As an adult I’d rather get a cavity filled than go to Chuck E. Cheese’s, but as a kid I enjoyed running around the ball pit, eating ridiculous amounts of pizza and celebrating birthdays with friends. Sure, I could have done without the singing stuffed animals, but the unlimited pizza, cake and soda made up for it.
I remember walking to the soda machine to refill my cup during a friend’s party while we waited for her mom to cut the cake. A few of the girls in our group followed me, ready to give their bloodstream another hit of sugar, too.
“Let’s make suicide sodas!” someone suggested.
“What are you talking about?” I asked, looking back at her like she was crazy.
“You know, when you fill your cup with a little bit of each of the drinks in the machine,” she explained.
All peer pressure aside, the idea of suicide soda intrigued me, so I decided to give it try. From my first sip I knew suicide soda was going to be the drink of choice for the rest of our elementary school parties. After all, why have one soda when you can have them all? Excess is best, right?
For much of my life, I filled my cup with as much as it could possibly hold. Like the little girl standing in line at Chuck E. Cheese’s, I craved control over the things that made up my life’s unique flavor. I held my cup tightly to make sure that whatever I wanted got in and whatever I didn’t want stayed out. And I said yes to whatever came my way because if I said yes, that meant more control over something.
But things have a way of catching up to us, and after trying to add and control so many things, my cup became so full that it slipped right out of my hands. Suddenly I lost control. All I could do was watch as the soda spilled all over me, drenching me in an unrecognizable, foul tang.
Everything was out of my hands.
After years of filling my cup with more, more, more and trying to control the matters of my life, I had to learn how to stop and let go.
Soda is addicting. Science has proven this. The sugar, the caffeine buzz, the carbonation – it tastes and feels so good. Who wouldn’t love it? The problem with addictions, however, is that if left unchecked, they can eventually kill you.
While I’ve never been addicted to soda, I used to be addicted to control. The satisfaction of having a say over how something turned out was sweeter to me than a Coca Cola sugar buzz. Or at least, that was until God stepped in.
Trusting in God is a lifelong process. Like many aspects to the Christian faith, it’s a choice that we make every day. We need to remind ourselves that God holds the world in His hands — but we’ll never fully grasp the power and extent of those hands if we’re not tuned in to and focused on Him. When we surrender control, wait and trust in God’s plan, we can know that he will be faithful to lead us where He wants us to go. (https://www.ibelieve.com/faith/5-ways-to-surrender-control-and-let-god-handle-your-life.html)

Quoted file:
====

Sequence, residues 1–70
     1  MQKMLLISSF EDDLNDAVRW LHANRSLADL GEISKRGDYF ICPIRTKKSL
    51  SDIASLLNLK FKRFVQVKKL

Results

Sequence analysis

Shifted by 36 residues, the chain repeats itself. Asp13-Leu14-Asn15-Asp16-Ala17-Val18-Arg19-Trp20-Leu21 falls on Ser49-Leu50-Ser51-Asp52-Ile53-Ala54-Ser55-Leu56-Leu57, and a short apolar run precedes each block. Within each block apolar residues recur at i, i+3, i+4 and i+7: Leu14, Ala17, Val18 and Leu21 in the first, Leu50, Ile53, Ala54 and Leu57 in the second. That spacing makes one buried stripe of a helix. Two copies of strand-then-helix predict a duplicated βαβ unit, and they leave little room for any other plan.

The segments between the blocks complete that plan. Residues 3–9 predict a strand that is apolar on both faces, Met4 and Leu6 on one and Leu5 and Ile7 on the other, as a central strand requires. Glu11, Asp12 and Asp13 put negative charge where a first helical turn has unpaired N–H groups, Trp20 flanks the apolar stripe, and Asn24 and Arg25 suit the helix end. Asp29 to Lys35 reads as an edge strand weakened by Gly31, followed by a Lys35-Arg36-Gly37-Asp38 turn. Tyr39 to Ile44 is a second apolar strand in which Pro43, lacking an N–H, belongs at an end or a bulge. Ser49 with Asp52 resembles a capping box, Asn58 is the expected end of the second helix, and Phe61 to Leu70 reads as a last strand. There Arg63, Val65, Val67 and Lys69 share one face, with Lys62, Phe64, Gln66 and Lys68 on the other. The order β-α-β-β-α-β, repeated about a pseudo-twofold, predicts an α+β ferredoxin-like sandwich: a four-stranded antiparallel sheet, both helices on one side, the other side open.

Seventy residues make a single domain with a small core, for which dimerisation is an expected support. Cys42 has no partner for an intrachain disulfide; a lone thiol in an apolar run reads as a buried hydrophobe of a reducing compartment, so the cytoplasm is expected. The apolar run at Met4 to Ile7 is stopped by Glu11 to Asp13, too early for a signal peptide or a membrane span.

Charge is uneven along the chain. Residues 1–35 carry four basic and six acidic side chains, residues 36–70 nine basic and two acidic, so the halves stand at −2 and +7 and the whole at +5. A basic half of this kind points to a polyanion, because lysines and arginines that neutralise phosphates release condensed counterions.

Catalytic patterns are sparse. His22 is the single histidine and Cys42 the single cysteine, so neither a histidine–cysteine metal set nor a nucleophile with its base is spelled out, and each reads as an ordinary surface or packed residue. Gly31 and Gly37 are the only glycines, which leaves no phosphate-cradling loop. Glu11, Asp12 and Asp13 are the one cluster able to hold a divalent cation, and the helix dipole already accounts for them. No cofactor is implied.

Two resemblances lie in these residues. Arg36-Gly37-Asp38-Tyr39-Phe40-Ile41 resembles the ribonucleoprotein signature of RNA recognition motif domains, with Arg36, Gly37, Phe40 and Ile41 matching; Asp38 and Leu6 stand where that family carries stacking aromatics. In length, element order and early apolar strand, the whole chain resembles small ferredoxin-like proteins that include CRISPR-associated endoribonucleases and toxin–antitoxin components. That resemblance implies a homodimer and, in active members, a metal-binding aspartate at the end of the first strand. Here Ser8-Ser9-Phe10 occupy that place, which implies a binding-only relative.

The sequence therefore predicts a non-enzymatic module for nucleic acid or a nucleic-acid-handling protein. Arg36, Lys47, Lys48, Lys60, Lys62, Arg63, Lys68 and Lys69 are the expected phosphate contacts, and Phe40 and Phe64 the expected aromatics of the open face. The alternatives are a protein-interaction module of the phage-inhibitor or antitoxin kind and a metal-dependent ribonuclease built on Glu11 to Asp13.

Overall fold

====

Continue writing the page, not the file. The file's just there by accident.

Top of Page prayers (WorshipAid)
(Based on Psalm 92:1-4, 12-15)
Leader: It is wonderful to be grateful and to sing Your praises, Lord Most High!
People: It is wonderful each morning to tell about Your love and at night to announce how faithful You are.
Leader: I enjoy praising Your name to the music of harps, because everything You do
makes me happy, and I sing joyful songs.
People: Good people will prosper like palm trees, and they will grow strong like the cedars of Lebanon.
Leader: They will take root in Your house, Lord God, and they will do well. They will be like trees that stay healthy and fruitful, even when they are old.
People: And they will say about You, “The Lord always does right! God is our mighty rock.”
O God, we confess that we have a very, very hard time leaving things just in Your hands. O mighty and unfathomable God we admit we often want to tweak the way You do things in our lives and the lives of others. God, we admit that we can hardly keep our hands and minds off the many ways You do things in our lives. We keep thinking again and again, that You need to do this one thing to make it all better. O God we confess that we want to get into all the details of the way You have run our universe. We confess that we think we can totally understand it all in the name of science. But we must confess that we often do not just seem to be able to appreciate Your wonderful love we see around us. O God stop us from trying to micromanage Your world and each other, we pray for this in the name of Jesus. Amen.
Take these gifts and use them Dear God, in ways that we hope will help Your vision for our world. We pray in Jesus name. Amen.
Dear God, sometimes we have a hard time just enjoying what we have. We have a hard time just seeing the wonder of our lives. O God, we come this morning to ask You to give us the ability to be humble. We ask for the humility to sit back and let You grow our world closer together. We ask for the humility to not think that we always need to be in charge. We ask that we learn to follow You, Dear God, in every moment of our lives. We ask for the ability to follow You, so we can enjoy each moment and soak up the love we have. We pray for this in the name of love, Jesus Christ. Amen.